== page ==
When you feel someone is trying to play on your fears always delay decisions.
And then ask for a second opinion or research. The Internet is a God-send gift here in helping reduce the information disparity.
How Internet Change The Game
In the nineties, the prices of life insurance policies fell dramatically. Why was that? The author says it’s because people were suddenly able to quickly compare prices.
Similarly, if you want to buy a house these days you can easily go online and look at the prices and you don’t need to trust the real estate agent.
Why do cars lose as much as a quarter of their value the day after they have been bought?
The author says it’s because of the asymmetry of information.
Since the buyers cannot know what happened to the car and why you’re really selling, they fear the worst.
Similarly, the very worst thing you can do on an online dating profile is to omit your picture. People will naturally think the worst.
Correlation is Not Causality
This is a mistake that people do all the time.
They see two variables move together and assume that one is causing the other. There might indeed be a correlation between the two variables, but the correlation does not imply causation.
Also read: Fooled by Randomness.
More Money Doesn’t Win Election
A great example is that of money and politics. Usually, the candidate with the most expensive campaign wins. So people tend to think that money wins the election.
But the winner has more money only because people tend to back the favorite candidate at a higher clip. The author says that the winning candidate could cut their campaign spending by half and only lose 1% of the vote.
What’s Near is Causal
When looking at what caused something, we also tend to give a disproportionate amount of attention to whatever is close and easier to be noticed.
For example, when the crime rate dropped precipitously in the early 1990s in the US most commentators said it was because of an improving economy, more police, gun control, and similar.
In reality, it was because of the abortion law. The most likely convict born in poverty in single-parent households. With abortion, fewer likely criminals were coming of age in 1989.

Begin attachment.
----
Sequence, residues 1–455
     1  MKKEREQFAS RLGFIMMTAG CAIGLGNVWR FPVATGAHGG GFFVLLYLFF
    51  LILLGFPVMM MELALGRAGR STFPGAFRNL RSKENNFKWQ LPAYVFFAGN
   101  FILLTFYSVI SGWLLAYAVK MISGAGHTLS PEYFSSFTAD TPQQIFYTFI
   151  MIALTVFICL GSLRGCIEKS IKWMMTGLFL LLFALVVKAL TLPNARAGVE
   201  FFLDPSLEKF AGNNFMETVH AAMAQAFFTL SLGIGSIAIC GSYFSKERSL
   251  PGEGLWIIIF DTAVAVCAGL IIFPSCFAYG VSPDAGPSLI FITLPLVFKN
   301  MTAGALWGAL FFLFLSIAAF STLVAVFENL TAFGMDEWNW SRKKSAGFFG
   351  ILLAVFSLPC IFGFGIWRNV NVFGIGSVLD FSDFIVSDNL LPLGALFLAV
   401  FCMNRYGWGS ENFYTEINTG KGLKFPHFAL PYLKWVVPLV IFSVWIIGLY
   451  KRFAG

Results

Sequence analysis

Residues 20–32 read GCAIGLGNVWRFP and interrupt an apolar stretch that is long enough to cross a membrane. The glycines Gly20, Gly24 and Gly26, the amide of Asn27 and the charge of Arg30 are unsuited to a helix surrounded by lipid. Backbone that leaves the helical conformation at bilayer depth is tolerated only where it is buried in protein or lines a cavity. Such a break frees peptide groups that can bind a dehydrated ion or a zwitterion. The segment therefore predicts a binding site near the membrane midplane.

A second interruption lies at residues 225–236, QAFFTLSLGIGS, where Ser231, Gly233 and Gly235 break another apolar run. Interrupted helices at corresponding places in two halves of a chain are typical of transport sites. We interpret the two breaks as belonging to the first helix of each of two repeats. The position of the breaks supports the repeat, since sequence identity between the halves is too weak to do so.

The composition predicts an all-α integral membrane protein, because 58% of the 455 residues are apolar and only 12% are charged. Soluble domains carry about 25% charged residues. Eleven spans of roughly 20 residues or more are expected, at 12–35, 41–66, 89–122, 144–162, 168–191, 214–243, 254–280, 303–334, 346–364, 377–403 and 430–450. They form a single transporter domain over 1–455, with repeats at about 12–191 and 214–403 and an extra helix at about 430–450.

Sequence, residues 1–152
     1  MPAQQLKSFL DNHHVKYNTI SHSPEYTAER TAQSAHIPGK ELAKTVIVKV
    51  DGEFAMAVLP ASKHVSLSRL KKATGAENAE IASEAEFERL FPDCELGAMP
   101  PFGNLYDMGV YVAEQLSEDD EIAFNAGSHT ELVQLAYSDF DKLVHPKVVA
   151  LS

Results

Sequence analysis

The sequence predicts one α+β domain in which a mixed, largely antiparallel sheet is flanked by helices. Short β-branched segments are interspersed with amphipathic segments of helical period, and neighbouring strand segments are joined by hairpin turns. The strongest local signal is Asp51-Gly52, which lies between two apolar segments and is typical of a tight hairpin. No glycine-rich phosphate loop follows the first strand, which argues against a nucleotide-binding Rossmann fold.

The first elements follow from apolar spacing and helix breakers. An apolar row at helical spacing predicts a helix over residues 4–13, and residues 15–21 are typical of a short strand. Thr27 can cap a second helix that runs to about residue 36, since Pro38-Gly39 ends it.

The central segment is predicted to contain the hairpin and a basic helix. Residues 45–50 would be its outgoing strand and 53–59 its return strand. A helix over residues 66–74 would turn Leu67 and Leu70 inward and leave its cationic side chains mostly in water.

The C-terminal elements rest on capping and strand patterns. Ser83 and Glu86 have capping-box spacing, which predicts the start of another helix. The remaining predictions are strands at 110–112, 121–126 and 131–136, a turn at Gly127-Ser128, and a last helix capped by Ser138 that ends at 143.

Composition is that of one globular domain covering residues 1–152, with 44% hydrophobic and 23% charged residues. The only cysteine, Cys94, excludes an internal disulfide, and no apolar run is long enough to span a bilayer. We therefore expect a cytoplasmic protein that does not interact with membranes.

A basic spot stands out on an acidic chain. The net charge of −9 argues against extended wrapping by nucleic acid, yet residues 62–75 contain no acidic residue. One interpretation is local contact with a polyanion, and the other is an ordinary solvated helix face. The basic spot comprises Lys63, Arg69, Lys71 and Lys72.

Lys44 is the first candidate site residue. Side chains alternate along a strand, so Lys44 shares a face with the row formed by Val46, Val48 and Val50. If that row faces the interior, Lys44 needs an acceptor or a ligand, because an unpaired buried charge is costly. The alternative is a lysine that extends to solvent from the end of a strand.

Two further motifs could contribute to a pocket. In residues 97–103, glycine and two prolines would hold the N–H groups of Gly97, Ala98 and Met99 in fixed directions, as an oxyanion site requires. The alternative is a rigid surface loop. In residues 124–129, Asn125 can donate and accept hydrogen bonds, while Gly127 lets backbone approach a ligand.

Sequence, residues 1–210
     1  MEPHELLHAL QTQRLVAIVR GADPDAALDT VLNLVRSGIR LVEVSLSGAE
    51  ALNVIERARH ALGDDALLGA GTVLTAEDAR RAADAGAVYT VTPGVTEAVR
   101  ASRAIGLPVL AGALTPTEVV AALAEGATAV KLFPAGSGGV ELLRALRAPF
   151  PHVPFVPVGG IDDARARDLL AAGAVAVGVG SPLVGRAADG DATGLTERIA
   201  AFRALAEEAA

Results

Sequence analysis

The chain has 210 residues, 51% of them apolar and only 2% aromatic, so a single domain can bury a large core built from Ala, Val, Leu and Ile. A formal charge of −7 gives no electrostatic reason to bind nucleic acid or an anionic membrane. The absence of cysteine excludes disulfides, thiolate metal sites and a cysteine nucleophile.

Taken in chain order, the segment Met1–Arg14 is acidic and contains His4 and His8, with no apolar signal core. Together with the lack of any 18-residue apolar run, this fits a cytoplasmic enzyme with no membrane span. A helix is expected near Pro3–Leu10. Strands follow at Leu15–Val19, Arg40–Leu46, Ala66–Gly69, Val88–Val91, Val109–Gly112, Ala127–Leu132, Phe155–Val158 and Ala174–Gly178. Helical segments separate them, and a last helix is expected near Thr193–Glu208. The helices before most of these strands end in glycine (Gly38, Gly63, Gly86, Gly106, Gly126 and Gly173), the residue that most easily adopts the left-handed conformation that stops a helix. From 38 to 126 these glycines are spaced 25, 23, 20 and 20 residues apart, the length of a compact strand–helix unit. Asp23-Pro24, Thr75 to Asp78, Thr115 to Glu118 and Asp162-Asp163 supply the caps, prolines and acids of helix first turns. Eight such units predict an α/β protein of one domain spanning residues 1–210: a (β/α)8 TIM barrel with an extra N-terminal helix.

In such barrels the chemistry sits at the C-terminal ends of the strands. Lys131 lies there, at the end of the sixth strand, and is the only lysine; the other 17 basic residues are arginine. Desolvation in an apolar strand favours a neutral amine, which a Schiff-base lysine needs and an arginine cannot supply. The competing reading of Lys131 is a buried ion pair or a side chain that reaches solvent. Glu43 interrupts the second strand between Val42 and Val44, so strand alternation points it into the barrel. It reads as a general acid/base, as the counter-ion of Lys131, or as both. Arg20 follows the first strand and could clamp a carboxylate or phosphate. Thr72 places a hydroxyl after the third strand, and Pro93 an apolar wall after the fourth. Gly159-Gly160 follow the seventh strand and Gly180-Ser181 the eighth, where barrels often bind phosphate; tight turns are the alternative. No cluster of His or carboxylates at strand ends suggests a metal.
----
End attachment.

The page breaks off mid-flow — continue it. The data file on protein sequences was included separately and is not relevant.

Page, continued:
As Cialdini says “what’s focal is causal”.
What causes crime to rise or fall is a heavily debated topic and I wouldn’t necessarily jump to the abortion conclusion of the authors (albeit the increase in abortion might have certainly helped).
Don’t Jump to Causal Conclusions!
It’s tempting to see an event, look for a possible cause and automatically explain the event with the first cause we can find.
Especially so if there is an apparent link between the event and the “cause” we found.
But correlation is not causation.
P.S.: as a kid, it annoyed me to no end to see my parents always jumping to causal conclusions.
The second part of the book loses a bit of the edge
Pushes Us to Ask Deeper Questions
One thing Freakonomics does great and which I really appreciate it for, is to urge people not to stop at the first layer of analysis.
To get to the truth, we often have to first overcome our own biases.
Freakonomics is a book that purports to use an economics approach to answer difficult questions with data and science.
In reality, it’s a book of intriguing facts, data curiosities, and psychological biases.
Since most facts are indeed intriguing, the book has become a big success and a brand in itself.
I personally enjoyed it.
There is some interesting stuff and it’s a good book, but it’s not enough to make it into a must-read book.
Read This Instead:
If you’re into psychological biases, go for “Thinking Fast and Slow“. If you’re interested in behavioral economics, go for “Misbehaving“. And if you’re interested in logical thinking and fallacies go for Nassim Taleb, for example, “Fooled by Randomness“.
What Freakonomics does really well is to marry good information with the entertainment factor. So if you are looking for a book to entertain you AND to teach you something, I highly recommend it.